Ely discovered water pooled on the laundry room floor and reported the flood to Mom. Together they mopped up the water with rags. Appliance said he could have a new pump shipped from Washing in a few days. I had procrastinated, and needed to wash my clothes that very day. I focused on yard work, putting off my evening trip to the laundromat. But when Terry and Pat, the nice neighbors, stopped by to visit, Mom told them about the washer and the laundromat and they insisted I come to their house to use their washer. “Do you want me to do it for you?” Pat asked kindly, but I do not allow anyone handle my dirty laundry, and told her I would enjoy doing it, thank you. Ely is a housecleaner. Dad has vacuumed the carpets and swept and mopped the floors and cleaned the bathrooms and scrubbed the shower walls his whole married life, but has run out of strength, mobility, and steam. Ely, a delightful, humble, thorough dual citizen, now takes care of what Mom and Dad can no longer take care of. They do not call her the cleaning lady; they call her Ely, their friend and indispensable helper. The house tidied, Brian and Avery arrived with two-year-old Lila to celebrate his 32nd birthday, and I was touched he wanted to celebrate with us. We set up cornhole and ring toss and a PVC scaffold onto which one tosses golf balls joined by short ropes. Lila objected to how my rope-tied-spheres hung from the rungs—“No! Gwampa Waja!” she insisted. She repositioned each hanging rope according to her adorable imagination, delightedly proclaiming the decorated structure her Christmas tree. At dinner, I decided ground sirloin is much tastier than hamburger, well worth the extra one dollar per pound. I had prepared a birthday dessert from my French cookbook—Brian chose chocolate mousse, which I have mastered after many trials. Into the dessert cups we jammed and lighted three candles. Lila made sure her daddy blew them out correctly. An unconventional birthday “cake,” still the result was superb (thank you Julia), with strong Pero substituting for strong coffee. The sun dipped low behind the house, and the air quickly chilled. Dad and I sat on patio chairs listening to the red House Finch sing with happy gusto, perched on a spiny blue spruce nearby. “Listen to that little guy sing!” Dad hooted. We commented on what a happy thing it is—a happy miraculous thing—that nature sings.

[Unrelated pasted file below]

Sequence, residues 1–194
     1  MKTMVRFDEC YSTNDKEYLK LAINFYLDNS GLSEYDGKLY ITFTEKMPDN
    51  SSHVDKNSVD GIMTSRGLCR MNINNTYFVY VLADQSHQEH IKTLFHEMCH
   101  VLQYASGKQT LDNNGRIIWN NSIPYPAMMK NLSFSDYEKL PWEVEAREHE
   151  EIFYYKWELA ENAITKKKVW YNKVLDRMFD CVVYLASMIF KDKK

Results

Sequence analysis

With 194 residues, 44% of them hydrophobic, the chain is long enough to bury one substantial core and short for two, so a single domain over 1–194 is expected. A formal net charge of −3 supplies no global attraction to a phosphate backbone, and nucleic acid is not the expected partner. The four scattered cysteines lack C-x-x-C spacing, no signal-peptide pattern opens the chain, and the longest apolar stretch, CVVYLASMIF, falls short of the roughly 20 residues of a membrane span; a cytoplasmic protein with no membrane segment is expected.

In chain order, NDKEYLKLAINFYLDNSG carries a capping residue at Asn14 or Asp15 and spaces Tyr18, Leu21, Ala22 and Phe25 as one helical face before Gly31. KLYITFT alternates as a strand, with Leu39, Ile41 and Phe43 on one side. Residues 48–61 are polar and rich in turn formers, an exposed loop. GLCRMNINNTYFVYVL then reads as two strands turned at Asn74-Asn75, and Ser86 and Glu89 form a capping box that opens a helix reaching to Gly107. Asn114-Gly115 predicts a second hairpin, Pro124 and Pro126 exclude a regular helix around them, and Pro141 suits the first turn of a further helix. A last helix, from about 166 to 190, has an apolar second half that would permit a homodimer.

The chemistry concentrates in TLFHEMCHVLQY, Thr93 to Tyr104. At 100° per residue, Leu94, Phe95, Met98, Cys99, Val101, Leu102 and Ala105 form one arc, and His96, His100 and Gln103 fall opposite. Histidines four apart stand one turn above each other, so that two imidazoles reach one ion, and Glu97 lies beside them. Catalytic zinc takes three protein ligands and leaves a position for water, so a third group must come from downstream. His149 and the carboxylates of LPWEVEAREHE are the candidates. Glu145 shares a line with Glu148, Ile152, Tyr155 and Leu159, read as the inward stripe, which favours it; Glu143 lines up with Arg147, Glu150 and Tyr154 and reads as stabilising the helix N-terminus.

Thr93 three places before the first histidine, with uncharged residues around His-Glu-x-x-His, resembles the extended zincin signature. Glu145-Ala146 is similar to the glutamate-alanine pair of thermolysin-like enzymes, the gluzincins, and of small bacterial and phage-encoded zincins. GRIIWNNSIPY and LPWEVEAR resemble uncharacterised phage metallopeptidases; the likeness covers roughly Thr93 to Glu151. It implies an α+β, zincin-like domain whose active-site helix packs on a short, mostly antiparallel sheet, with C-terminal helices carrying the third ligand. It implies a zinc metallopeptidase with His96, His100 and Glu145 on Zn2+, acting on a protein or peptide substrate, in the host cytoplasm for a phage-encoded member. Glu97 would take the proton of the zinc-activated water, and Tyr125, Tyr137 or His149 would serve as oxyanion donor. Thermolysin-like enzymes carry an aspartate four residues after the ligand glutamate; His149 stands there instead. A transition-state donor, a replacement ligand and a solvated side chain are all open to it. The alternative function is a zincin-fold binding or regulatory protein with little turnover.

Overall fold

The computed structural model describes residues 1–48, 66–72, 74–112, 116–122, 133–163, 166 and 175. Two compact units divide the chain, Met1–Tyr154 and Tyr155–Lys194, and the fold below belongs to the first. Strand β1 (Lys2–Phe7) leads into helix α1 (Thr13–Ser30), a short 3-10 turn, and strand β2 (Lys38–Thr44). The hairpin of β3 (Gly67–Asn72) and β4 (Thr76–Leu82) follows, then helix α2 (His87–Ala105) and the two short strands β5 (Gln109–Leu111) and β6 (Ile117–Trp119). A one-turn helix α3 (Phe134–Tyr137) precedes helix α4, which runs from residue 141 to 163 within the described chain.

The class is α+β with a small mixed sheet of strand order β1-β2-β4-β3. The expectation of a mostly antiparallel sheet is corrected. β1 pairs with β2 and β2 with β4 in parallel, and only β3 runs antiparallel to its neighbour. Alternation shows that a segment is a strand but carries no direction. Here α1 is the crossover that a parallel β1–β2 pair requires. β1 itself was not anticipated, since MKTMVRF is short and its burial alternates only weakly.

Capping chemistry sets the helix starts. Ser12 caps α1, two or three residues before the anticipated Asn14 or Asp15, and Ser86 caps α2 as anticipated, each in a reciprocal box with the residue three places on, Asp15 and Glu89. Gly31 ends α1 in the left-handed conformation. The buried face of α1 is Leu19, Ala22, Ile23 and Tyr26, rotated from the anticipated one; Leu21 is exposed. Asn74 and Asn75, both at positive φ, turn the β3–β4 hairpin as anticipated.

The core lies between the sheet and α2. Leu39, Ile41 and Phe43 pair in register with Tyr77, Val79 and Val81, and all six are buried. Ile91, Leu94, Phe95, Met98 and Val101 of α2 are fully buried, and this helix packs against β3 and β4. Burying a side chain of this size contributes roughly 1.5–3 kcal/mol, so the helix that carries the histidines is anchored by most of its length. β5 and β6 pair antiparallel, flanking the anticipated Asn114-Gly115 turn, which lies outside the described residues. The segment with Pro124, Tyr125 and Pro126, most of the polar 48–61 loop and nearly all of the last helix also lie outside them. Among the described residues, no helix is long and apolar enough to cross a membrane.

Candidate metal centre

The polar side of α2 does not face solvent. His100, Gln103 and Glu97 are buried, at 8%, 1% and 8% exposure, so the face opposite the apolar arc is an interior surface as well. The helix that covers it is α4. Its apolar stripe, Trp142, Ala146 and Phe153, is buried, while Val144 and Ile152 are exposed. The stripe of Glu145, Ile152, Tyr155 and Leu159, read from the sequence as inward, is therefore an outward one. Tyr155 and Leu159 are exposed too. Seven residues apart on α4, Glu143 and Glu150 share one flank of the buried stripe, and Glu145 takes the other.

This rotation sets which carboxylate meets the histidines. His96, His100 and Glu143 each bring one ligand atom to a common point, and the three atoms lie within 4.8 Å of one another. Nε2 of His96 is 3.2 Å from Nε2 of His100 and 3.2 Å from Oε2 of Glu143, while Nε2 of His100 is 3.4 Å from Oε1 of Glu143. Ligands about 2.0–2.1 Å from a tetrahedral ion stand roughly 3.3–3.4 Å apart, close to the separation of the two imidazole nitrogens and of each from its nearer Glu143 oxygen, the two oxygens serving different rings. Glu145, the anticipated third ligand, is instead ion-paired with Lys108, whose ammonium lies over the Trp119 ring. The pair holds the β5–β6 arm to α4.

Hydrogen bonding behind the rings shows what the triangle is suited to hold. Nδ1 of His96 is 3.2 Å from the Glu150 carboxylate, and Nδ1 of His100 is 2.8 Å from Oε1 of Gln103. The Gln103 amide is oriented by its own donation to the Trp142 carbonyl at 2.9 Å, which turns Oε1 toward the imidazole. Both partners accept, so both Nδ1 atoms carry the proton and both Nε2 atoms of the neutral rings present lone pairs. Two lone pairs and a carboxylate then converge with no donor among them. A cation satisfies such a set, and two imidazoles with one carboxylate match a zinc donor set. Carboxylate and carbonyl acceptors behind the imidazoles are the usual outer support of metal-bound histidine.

On Saturday evenings in my childhood New Jersey home, Dad filled a bucket with warm soapy water, sank to his hands and knees, and scrubbed the kitchen’s linoleum floor. I never felt the compulsion or even inclination to join him (but I worked hard in the yard). I remember thinking his knees must be awfully sore. Later, he purchased a carpet cleaner to clean the carpeted rooms himself. The walls showed roller marks where Dad had patched and painted holes or stains on the walls. He rubbed Murphy’s oil into the wood furniture, and vacuumed the carpets and rugs. These helpful habits lasted long into Dad’s retirement. But the day finally came, brought on by a knee transplant and age, that he could no longer descend to his hands and knees to scrub the tile floors. The day came when Mom and Dad needed help cleaning the house. That is when Ely started coming. She comes every Monday morning with her smile and her cleaning supplies. Mom and Dad love her, are happy to have her in their home, and are relieved at how clean Ely makes everything for them. In addition, Dad calls Stanley Steamer to steam clean the carpets. But Dad still breaks out the carpet cleaner to spot clean the trouble spots and wear paths and food spills from the most recent family party.